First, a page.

The digital transformation told as a successful change

The digital transformation tells the story of a metamorphosis. One can roughly distinguish three phases of this process: Loss, transition, new opportunities.

Transformation as loss

The loss can mean saying goodbye, for example to old habits, but also to loved colleagues. You lose familiarity. At the same time, you are compelled to reinvent yourself.

Management guru Peter Senge is credited with the sentence:

 “People don’t resist change, they resist being changed.”

The relevant difference is therefore whether you want to change – or have to change. If you are driven out of paradise, your own home or your own comfort zone of familiar habits, you will evaluate this negatively. However, if you voluntarily set off on an adventure to find a treasure, you will evaluate the same change positively.

Your own »mindset« and your own self-concept – your »professional identity« – play an important role here. Do I see myself more as a preserver or an adventurer?

Transformation as transition

In the transition phase, people are encouraged to learn and adapt to new things. The time spent in the learning zone can be exhausting until new habits are established. After all, transformation does not happen overnight. New tasks, new ways of acting, new objectives must first be internalized. Only once a degree of automation has been achieved can we speak of a successful transformation.

Transformation as an opportunity

In the phase of opportunities, there is relief waiting – the promises of the future are now beginning to be experienced. The digital transformation opens up opportunities to become involved in the reorientation of the company. It also makes it possible to work more in a network. And it opens up opportunities for personal growth and individual development. From the very beginning of the transformation process, employees should be aware of what the change stands for and what benefits they derive from the transformation – this will help them reach their goals with greater motivation.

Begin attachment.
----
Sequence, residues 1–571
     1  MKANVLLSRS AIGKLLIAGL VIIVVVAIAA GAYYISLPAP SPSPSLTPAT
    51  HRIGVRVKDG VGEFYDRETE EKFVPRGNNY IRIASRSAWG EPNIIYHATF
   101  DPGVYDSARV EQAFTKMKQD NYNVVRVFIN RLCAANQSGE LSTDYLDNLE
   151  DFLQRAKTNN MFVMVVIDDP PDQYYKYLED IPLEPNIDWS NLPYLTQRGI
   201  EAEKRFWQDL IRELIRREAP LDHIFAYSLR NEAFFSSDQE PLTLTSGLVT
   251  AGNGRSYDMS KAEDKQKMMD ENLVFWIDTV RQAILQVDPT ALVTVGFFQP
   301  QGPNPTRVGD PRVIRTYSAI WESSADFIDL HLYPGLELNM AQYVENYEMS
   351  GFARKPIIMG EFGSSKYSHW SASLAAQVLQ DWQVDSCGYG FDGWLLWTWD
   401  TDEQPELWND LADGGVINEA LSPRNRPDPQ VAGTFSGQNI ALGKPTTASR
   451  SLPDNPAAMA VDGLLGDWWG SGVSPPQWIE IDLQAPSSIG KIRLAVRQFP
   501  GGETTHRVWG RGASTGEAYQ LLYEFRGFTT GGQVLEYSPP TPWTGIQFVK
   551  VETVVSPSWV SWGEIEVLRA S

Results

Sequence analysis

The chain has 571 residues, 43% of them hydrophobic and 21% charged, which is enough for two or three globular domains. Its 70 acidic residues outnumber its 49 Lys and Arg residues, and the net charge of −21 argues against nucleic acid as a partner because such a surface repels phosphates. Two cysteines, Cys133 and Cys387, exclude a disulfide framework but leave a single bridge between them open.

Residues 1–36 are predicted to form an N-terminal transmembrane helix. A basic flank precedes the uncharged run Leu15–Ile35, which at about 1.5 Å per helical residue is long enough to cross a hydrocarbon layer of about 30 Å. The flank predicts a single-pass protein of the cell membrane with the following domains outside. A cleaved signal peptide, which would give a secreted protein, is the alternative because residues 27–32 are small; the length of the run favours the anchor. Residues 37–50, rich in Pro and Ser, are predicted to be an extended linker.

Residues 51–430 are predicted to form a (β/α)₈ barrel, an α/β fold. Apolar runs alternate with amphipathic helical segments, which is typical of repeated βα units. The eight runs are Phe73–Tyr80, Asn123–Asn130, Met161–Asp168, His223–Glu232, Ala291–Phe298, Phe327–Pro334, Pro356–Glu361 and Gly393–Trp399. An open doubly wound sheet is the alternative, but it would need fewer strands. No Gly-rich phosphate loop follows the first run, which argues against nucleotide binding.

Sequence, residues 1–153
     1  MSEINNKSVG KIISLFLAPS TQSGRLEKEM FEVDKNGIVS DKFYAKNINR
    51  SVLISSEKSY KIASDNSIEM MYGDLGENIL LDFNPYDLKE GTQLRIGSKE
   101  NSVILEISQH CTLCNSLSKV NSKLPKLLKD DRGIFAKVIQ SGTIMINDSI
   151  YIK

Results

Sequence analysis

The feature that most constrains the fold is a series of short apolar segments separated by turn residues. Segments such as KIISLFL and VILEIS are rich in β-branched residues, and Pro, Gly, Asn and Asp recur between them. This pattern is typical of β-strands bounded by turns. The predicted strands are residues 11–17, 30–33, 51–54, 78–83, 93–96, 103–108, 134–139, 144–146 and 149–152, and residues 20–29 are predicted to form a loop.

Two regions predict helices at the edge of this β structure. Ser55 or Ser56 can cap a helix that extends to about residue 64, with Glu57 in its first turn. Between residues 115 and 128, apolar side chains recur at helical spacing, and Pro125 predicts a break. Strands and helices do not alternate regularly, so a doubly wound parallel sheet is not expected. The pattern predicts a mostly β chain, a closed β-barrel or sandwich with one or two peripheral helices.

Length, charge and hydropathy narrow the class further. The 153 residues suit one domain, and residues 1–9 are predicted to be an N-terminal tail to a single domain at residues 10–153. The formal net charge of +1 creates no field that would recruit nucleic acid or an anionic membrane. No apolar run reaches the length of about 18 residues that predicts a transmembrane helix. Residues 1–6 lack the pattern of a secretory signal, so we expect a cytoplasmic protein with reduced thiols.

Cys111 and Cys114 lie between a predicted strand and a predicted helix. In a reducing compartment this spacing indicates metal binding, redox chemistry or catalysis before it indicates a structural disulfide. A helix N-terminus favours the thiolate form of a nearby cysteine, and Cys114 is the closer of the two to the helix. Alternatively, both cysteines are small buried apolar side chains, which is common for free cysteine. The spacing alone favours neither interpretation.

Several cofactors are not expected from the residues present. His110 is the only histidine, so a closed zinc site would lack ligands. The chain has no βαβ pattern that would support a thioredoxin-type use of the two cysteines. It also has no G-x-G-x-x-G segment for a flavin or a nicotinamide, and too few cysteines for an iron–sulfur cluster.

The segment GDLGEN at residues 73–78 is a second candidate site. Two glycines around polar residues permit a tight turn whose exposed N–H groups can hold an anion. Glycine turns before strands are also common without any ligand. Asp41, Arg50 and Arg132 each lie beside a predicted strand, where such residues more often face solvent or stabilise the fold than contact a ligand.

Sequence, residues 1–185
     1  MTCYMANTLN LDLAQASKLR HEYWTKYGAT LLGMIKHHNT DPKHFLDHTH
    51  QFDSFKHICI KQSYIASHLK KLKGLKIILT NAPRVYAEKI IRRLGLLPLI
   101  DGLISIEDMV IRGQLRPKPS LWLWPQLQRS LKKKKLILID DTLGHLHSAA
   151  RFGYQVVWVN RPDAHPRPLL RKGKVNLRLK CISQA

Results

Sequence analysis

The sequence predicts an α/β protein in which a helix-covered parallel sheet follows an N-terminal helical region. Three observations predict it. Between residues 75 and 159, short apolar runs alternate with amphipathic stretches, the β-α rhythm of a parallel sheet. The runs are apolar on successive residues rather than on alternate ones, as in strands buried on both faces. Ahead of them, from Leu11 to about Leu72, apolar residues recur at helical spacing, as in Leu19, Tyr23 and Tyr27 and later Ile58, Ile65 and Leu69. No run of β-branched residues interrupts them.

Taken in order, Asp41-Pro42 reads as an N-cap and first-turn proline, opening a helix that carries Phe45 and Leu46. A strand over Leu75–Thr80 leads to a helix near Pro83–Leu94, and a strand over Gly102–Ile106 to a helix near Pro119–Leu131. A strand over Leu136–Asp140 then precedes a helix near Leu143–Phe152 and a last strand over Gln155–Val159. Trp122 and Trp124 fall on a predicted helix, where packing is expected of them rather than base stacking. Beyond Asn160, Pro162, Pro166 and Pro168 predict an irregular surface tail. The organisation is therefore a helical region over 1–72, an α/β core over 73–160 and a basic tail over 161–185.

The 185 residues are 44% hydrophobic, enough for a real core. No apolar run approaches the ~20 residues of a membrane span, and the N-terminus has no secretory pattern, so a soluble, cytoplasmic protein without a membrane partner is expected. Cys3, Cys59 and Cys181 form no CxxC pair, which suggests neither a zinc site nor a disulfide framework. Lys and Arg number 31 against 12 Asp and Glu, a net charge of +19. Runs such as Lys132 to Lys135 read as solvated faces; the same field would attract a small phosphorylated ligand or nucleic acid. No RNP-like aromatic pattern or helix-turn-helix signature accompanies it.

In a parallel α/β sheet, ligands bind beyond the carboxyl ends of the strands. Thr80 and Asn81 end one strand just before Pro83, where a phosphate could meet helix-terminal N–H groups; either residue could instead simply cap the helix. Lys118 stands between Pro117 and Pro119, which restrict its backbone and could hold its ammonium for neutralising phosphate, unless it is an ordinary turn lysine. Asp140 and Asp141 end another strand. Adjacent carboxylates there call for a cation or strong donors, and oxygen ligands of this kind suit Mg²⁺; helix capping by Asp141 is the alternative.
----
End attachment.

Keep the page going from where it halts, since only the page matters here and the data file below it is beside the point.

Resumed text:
Change stories for the transformation of a company

Depending on the change process, different types of basic metaphorical patterns can be useful in a change story.

  • A story of battles and struggle is about an external enemy that you face through internal cohesion.
  • A story of cohesion – „We are all in the same boat!“ – encourages people to practice renunciation together.
  • A story of loss can be told, for example, through the metaphor of a dangerous expedition or the exploration of a new continent. The possible loss of one or the other fellow traveler along the way »is in the nature of things«.

A story of renewal and metamorphosis invites us to let the familiar »liquefy«, so to speak, in order to be »reborn« in a new form after a transitional phase. Similar to the caterpillar, which pupates and literally liquefies itself, only to subsequently rise into the air as a butterfly after successful liberation from the cocoon.